March 5, 2011 | Fremont Tribune | Original Article

Dodge County sees minority population growth

Fremont's Hispanic or Latino population grew by 190 percent over the past decade, and Dodge County saw 160 percent growth in that same demographic, according to U.S. Census figures released this week.

The data offered the first look at population counts, race, Hispanic origin, voting age and housing unit data released from the 2010 Census.

Statewide, the Hispanic population has by far been the fastest growing segment of the population - 77.3 percent since 2000. People claiming Hispanic or Latino descent, at 94,425, made up 5.5 percent of the state's population in 2000. Last year that number had swollen to 167,405 people - 9.2 percent of the total population.

Dodge County was home to 1,421 Hispanic or Latino people in 2000, with 1,085 of them living in Fremont. The 2010 Census showed 3,689 Hispanics and Latinos living in Dodge County, and 3,149 in Fremont - 10 percent of the overall county population, and 11.9 percent of Fremont's total count.

"Hispanics increased about 160 percent for Dodge County. At the same time, white non-Hispanic was down about 6 percent, so you kind of have the divergence there among races," said David Drozd, a demographer and Census expert at the University of Nebraska at Omaha. "Coincidentally black non-Hispanic was up 26 percent and some of the other race groups grew as well.

"Like a lot of counties, Dodge County is one where all of the growth can be attributed to minority population groups," he said. "There were 74 counties in the state that had majority population decline and minority increase, so that is pretty common in our state."

The state's population overall increased by 6.7 percent in the past decade - from 1,711,263 in 2000 to 1,826,341 in 2010.

Dodge County remains the seventh most populace county with 36,691 people in 2010, a growth rate of 1.5 percent since 2000.

Fremont picked up 1,223 new residents since 2000 - a 4.9 percent increase - and continues to be the sixth largest city in the state with 26,397 people.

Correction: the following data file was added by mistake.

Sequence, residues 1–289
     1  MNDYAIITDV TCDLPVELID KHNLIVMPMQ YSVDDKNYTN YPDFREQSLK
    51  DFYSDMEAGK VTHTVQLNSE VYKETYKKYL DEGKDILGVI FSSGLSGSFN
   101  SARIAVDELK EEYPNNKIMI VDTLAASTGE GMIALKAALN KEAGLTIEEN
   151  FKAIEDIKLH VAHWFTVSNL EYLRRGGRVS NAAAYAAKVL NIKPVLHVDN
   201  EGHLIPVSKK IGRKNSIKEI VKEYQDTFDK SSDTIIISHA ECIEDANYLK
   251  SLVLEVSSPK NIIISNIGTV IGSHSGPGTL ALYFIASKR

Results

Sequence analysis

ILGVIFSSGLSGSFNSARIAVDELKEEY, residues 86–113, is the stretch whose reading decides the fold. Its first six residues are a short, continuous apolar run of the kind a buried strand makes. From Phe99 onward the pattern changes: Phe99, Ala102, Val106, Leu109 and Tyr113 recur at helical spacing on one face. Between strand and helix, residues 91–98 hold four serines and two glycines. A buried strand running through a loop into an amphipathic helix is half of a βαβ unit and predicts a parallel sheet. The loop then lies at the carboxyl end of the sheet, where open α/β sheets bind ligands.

Fremont's growth was more robust than Norfolk, Hastings, North Platte and Scottsbluff, but lagged behind Grand Island (13 percent), Kearney, Columbus and South Sioux City.

Omaha's population gain mirrored Fremont's rate at 4.9 percent, but the cities in the immediate Omaha metropolitan area saw some of the greatest growth in the state, ranging as high as 34.7 percent in La Vista.

Douglas (11.5 percent), Washington, Colfax and Saunders County (4.8) all saw population gains in the past decade. Cuming and Burt counties lost population.

Fremont Area Chamber of Commerce Executive Director Ron Tillery said Fremont and Dodge County's population growth bucked pre-Census predictions.

"The Census estimates from last year had us backing up in population," Tillery said.

"It's very encouraging to see us growing as a city and a county when the overwhelming majority of Nebraska counties and cities are not growing," he said. "We're in the category of the I-80 communities and the metro communities in that we posted growth."

Indeed the Census did indicate what some are referring to as an easterly migration of Nebraskans away from rural areas and into the state's metropolitan areas or near the Interstate.

"The majority of counties showing growth are in the east," Drozd agreed. "Everybody talks about I-80, but we also have a (U.S.) Highway 30 corridor between Columbus and Schuyler to Fremont and Blair, that's a growing area as well."

Tillery said regional growth numbers give economic developers fresh ammunition for retail developers.

"I think our proximity to the metro has an influence on our growth, but I think we have also seen some developments over the past few years that are going to contribute to that, too. We've had some major retail developments occur," Tillery said, pointing to new business parks and residential developments.

"The fact that we had some people working on those important things that at that time certainly weren't a sure thing, that has an influence on whether or not we're going to see growth in the future," Tillery said. "People have to make investments sometimes on good faith rather than a sure thing, and the fact that we saw people investing in housing and infrastructure that supports housing and some industrial and large commercial projects, all of those things together, plus our advantageous location to the metro probably pushed that total Census number higher rather than seeing us back up like some other counties did."

Jobs are the driving force behind population growth, Drozd said.

"Nebraska obviously has held up well in the recession, and that's brought a lot more people to the state from other states, but they're going where the jobs are," Drozd said. "This consolidation of the state's population into its largest counties was higher in the 2000s than it had been the last few decades. People are going where the jobs are and that's primarily the Lincoln and Omaha area.

"Dodge County has a little bit of that, but by and large just can't keep pace with the gains in Sarpy or Douglas or Lancaster County," he added.